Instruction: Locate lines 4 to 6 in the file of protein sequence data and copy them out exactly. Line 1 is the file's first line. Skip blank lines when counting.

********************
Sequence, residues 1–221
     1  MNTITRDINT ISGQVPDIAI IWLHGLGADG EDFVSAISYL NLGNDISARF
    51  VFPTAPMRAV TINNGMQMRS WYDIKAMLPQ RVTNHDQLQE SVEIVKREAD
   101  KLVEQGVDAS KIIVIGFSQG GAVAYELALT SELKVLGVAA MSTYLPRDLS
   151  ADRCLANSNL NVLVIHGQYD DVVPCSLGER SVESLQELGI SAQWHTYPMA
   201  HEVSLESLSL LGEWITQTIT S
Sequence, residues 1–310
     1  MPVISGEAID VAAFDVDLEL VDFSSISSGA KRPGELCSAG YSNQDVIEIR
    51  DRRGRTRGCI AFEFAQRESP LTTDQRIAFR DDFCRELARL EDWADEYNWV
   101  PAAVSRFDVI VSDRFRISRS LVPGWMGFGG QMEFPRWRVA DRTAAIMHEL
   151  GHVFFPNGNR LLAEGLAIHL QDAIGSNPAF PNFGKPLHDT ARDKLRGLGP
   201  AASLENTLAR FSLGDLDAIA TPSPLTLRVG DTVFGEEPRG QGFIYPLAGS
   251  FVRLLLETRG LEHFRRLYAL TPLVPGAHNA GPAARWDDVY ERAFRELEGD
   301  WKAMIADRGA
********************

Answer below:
   101  KLVEQGVDAS KIIVIGFSQG GAVAYELALT SELKVLGVAA MSTYLPRDLS
   151  ADRCLANSNL NVLVIHGQYD DVVPCSLGER SVESLQELGI SAQWHTYPMA
   201  HEVSLESLSL LGEWITQTIT S